CHICAGO – Before 1998’s “The Big Lebowski” there was 1996’s “Kingpin”, the Farrelly brothers bowling comedy that didn’t have the narrative intricacies of the Coen brothers’ classic, but had plenty of jokes about middle-aged men playing the sport. Today finds the release of “Kingpin” to Blu-ray for the first time, coming with only one new special feature.
CHICAGO – The old man as macho action hero trend has finally calcified. If you haven’t seen either of the two previous “Expendables” pictures – this is definitely not the place to start. Sylvester Stallone’s creaky franchise hits rock bottom.
CHICAGO – Not much is really revealed about the subject of the documentary “Supermensch: The Legend of Shep Gordon,” co-directed by comedian Mike Myers. Shep is a rock star agent, Shep gets rich, Shep shares his Hawaiian beach condo with big stars, Shep represents gourmet chefs, Shep likes to cook and Shep strangely wants kids, despite being in his sixties and not being able to maintain any domestic relationship. There is no there in this film, only the spoils of good representation.
CHICAGO – This forgettable time waster is mildly amusing as long as you don’t let yourself go into mourning over Robert Deniro’s career. But then again that almost goes without saying these days. Likewise Stallone who has had far more interesting career choices in the last decade than this. The pair play retired boxers who comes out of retirement for one last fight. One for the paycheck. The other to settle an old score.
CHICAGO – Jason Statham has become an amorphous blob in the action genre, but an amorphous blob who is his own archetype, nonetheless. With the “Expendables” movies he began to take the genre torch from Sylvester Stallone, and now working from a script by Stallone in “Homefront”, his Americanization is nearly certified. That being said, watching Jason Statham tattoo a bald eagle on himself might be more enjoyable than his latest addition to a bloated filmography, “Homefront”. That, or staging a debate with Stallone and Statham about gun control.
CHICAGO – Sylvester Stallone and Robert De Niro – between them they have over 150 film credits in careers stretching back to the 1960s. Two of their most famous roles, boxers Rocky and the Raging Bull, get the full make-fun-of treatment in the Christmas Day Film “Grudge Match.”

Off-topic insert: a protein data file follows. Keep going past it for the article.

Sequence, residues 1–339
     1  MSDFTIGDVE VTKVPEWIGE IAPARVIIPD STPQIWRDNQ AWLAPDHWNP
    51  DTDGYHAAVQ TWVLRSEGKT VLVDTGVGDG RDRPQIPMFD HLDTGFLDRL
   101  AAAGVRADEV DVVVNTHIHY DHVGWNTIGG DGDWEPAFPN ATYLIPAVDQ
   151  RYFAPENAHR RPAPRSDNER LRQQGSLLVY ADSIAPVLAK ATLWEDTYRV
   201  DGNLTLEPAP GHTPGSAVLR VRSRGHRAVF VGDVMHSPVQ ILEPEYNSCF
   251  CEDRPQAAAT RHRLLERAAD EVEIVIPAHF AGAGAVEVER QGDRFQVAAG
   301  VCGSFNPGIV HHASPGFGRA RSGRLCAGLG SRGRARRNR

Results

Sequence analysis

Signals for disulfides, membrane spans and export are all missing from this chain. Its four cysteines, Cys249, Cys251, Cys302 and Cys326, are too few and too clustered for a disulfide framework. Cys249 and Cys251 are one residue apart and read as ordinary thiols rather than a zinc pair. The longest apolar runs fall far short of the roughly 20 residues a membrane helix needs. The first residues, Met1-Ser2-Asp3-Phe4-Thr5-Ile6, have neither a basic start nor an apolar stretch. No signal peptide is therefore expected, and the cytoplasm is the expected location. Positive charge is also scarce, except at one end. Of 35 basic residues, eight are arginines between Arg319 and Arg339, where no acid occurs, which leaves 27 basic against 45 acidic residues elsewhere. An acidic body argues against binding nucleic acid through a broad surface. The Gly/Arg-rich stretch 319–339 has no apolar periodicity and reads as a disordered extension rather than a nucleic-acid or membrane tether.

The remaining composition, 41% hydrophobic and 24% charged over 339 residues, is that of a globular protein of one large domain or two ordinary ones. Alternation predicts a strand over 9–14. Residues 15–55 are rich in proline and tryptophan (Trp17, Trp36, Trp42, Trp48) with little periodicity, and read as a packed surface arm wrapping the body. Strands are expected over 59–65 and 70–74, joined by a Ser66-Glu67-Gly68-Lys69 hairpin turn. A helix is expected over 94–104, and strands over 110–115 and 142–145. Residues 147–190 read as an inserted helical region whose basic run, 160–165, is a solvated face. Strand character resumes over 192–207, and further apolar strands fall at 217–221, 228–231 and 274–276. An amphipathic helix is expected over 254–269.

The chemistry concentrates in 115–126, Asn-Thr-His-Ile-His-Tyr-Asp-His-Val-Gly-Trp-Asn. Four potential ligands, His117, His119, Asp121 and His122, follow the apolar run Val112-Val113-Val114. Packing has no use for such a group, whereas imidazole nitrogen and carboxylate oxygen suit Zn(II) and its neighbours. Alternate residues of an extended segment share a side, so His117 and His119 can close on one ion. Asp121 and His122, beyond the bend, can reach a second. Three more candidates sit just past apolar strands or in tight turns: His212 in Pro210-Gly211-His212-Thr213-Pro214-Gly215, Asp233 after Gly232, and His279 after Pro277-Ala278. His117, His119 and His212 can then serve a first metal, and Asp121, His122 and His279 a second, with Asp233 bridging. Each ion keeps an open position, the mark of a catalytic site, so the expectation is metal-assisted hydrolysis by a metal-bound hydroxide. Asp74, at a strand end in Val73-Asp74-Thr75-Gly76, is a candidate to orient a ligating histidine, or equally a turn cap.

CHICAGO – Sylvester Stallone is a difficult man to comprehend, unless if doing a thesis on male menopause. The one time screenwriter of gritty soul pictures like “Rocky,” “Paradise Alley” and “First Blood” is spending his later years pumping out undistinguished boom-boom pictures like “Homefront.”
CHICAGO – Great action movies have one truth in common – they mix their face-offs with a psychological battle, which complements the pyrotechnics of invincible super humans. “Escape Plan,” with grizzled veterans Sylvester Stallone and Arnold Schwarzenegger, is true to that form.
HollywoodChicago.com Hookup: 40 Pairs of Passes to ‘Escape Plan’ with Sylvester Stallone, Arnold SchwarzeneggerSubmitted by HollywoodChicago.com on October 13, 2013 - 8:14pm
CHICAGO – In the latest HollywoodChicago.com Hookup: Film with our unique social giveaway technology, we have 40 pairs of advance-screening movie passes up for grabs to the new thriller “Escape Plan” starring Sylvester Stallone and Arnold Schwarzenegger!
CHICAGO – “You had me at f**k you.” The gruff, primal tone of a line like that delivered by Sly Stallone and directed by the legendary Walter Hill has an undeniable B-movie kick but there’s not enough of that in “Bullet to the Head,” ceremoniously ignored in theaters and likely to find a bigger audience at home but still a disappointment. Don’t believe the hype that made this flick out to be a total disaster — Hill is too talented for that — but it is a misfire.
CHICAGO – These are the times that try a film critic’s soul. Right after the awards season, and the lofty artistic films, comes the dump zone of January and the rejected reel orphans of the “industry.” Sylvester Stallone, once an Oscar winner, now “entertains” us with with harsh violence in the ‘Bullet to the Head.’